Momma Says Spock You OUT.
I attended the Philly Geek Awards two weeks ago and had a great time. (If you don’t blink, you can see me in the background sporting my kilt at a couple of moments in the video above.) I was there representing WordCamp Philly for Local Event of the Year (we didn’t win, alas).
If you get a chance, the animations used to introduce each award category are also well worth a watch.
All in all, it was a top-flight event and I am looking forward to the 2013 incarnation with excitement.
After I published my previous post detailing the proposed Theme Hook Alliance, I decided to put virtual pen to virtual paper and started the themehookalliance project over on github. A couple of train rides later, I feel like I’m ready for folks to start commenting on it.
So please, if this effort interests you in the slightest, head over to github, comment away, fork and submit pull requests. I’d love to get this effort kicked off and under way.
*Or at least it shouldn’t be used as such
Due to this straightforward way of thinking, ENTJs tend to have the greatest difficulty of all the types in applying subjective considerations and emotional values into the decision-making process.
-From the Wikipedia article on ENTJs
I’ll be up front: I’m an ENTJ.
Anyone who has ever taken a Keirsey Temperament Sorter or an MBTI type assessment knows that the usefulness for truly revealing deep insight into one’s character of these tools is somewhere between “nicely illuminating” and “not much better than this morning’s horoscope”. There’s very little causation chocolate in that correlative peanut butter, at least in my opinion. However, there are some valuable nuggets that can be used for self-introspective purposes.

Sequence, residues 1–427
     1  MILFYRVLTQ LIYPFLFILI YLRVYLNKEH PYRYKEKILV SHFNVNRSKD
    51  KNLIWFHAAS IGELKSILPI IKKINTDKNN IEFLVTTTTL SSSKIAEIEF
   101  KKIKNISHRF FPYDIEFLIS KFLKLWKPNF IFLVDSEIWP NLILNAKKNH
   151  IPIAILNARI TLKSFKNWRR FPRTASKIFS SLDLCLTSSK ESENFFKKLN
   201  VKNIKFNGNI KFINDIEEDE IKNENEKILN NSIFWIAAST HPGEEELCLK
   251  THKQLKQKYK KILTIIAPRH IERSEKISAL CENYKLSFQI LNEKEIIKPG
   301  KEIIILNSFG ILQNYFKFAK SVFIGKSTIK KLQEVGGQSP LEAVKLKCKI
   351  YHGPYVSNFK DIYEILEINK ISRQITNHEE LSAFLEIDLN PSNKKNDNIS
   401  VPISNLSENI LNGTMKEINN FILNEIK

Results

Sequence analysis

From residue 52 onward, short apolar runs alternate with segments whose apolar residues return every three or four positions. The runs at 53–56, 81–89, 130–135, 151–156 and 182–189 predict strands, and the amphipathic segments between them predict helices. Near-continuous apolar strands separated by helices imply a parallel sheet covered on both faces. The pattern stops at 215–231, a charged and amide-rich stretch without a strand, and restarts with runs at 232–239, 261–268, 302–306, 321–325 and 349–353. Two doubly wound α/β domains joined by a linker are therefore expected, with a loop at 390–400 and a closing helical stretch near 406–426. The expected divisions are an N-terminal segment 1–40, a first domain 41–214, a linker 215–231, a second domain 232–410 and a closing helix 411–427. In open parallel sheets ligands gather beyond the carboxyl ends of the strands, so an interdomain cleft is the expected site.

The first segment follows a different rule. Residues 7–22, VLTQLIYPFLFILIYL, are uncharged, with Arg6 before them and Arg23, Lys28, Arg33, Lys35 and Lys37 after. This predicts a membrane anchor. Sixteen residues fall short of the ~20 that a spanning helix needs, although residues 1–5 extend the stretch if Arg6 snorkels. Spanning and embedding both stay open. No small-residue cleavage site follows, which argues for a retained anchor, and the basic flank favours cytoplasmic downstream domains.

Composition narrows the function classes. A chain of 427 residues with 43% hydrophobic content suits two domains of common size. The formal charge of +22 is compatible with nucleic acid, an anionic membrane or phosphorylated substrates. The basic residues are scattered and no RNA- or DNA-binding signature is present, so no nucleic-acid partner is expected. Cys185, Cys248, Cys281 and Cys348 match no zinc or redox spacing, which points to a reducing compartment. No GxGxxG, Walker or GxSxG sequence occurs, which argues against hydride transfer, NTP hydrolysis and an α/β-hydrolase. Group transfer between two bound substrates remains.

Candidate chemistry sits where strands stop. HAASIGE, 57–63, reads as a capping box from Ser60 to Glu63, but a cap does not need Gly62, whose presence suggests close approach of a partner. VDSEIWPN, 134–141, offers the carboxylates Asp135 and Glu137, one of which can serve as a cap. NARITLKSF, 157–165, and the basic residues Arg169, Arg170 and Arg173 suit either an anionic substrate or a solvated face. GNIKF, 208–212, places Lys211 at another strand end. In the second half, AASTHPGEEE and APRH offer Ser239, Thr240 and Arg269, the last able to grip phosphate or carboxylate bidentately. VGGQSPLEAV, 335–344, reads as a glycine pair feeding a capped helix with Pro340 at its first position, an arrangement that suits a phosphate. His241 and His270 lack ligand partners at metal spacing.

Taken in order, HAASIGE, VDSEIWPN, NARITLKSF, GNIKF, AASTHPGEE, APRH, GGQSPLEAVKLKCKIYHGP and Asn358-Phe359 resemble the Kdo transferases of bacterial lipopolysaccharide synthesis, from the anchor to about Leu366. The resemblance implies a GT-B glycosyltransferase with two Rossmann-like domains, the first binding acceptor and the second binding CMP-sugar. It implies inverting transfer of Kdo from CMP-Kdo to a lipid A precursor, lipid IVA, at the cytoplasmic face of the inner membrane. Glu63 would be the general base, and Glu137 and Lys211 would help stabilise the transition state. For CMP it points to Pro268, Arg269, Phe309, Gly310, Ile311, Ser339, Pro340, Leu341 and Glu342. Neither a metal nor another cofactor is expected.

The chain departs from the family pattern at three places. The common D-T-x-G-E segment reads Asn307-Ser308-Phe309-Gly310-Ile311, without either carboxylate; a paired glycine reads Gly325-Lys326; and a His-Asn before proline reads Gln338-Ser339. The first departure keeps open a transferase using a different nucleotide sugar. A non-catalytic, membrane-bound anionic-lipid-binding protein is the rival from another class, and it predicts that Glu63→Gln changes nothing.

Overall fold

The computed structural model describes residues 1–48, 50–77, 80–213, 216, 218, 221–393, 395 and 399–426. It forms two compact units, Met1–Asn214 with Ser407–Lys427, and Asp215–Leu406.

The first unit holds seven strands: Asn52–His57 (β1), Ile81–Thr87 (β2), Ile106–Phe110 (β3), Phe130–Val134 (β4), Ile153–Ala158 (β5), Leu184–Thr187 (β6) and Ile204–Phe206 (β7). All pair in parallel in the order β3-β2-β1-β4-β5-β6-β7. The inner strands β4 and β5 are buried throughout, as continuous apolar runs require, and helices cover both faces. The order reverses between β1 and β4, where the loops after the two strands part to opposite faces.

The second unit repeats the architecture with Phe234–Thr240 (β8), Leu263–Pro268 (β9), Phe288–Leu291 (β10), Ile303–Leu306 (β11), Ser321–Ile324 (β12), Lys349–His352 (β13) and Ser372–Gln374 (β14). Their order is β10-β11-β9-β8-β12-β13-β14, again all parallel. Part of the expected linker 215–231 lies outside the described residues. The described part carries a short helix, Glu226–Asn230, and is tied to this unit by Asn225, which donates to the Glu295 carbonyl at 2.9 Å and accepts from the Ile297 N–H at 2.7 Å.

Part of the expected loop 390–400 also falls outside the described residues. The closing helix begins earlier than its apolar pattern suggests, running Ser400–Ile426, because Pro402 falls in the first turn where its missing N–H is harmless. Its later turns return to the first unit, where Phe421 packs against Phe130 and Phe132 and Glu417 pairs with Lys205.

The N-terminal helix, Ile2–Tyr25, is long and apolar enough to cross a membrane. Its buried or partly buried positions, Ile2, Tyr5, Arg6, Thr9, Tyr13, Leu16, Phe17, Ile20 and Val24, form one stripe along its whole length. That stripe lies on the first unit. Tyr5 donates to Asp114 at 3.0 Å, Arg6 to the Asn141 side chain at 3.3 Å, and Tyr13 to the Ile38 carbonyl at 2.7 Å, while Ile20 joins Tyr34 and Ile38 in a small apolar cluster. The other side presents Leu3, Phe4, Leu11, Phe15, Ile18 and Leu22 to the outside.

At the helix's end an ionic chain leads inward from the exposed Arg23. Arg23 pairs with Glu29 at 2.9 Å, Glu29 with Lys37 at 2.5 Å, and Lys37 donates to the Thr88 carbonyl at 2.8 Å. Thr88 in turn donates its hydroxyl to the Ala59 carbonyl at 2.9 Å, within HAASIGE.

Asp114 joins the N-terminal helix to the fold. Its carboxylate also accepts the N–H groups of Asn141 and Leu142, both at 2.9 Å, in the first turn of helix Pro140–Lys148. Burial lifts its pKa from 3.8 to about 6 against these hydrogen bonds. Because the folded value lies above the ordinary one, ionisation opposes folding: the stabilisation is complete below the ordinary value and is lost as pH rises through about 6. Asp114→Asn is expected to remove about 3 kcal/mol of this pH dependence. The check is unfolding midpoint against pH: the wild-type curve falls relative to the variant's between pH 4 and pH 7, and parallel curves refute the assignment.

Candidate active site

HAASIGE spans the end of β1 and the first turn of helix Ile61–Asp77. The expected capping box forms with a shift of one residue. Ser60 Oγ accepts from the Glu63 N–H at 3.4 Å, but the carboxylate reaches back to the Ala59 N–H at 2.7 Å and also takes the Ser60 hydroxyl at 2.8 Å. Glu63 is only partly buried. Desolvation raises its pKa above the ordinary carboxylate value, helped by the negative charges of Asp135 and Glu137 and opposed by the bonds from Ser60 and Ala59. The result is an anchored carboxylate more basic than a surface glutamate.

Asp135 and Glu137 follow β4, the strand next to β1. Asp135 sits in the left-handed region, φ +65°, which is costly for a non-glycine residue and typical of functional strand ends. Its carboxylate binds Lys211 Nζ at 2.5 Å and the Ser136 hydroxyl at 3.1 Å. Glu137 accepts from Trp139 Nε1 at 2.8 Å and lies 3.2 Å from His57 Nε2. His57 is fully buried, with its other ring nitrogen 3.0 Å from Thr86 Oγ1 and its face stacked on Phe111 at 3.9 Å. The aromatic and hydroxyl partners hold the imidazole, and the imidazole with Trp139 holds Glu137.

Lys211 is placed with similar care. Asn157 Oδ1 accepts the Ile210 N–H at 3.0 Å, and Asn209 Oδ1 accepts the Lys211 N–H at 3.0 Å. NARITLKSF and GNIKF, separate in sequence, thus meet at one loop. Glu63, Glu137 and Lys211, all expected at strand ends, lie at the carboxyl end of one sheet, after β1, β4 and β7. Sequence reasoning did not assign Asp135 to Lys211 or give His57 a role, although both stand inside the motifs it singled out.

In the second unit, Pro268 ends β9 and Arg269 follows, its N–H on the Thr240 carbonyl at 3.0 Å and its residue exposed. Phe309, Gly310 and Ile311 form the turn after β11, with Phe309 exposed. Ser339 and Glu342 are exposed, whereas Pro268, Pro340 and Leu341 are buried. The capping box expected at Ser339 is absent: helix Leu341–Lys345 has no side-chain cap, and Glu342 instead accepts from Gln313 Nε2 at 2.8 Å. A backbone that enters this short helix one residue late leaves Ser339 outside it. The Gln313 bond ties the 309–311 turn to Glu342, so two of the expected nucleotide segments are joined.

For instance, check that blockquote above. What that basically means is that ENTJs tend to be black and white thinkers. What it also means is that they tend to have difficulty in empathizing with others’ emotional positions. This (can) lead to three decided downsides for both the ENTJs and those who have to deal with them:
Practically, this can result in me making decisions whose logic and expected outcome make perfect sense to me, yet leave others either scratching their heads or actively insulted. If I manage to succeed in these endeavors, the slights tend to get forgotten (for the time being), while if I fail, my previous shortcuts tend to make a bad situation worse.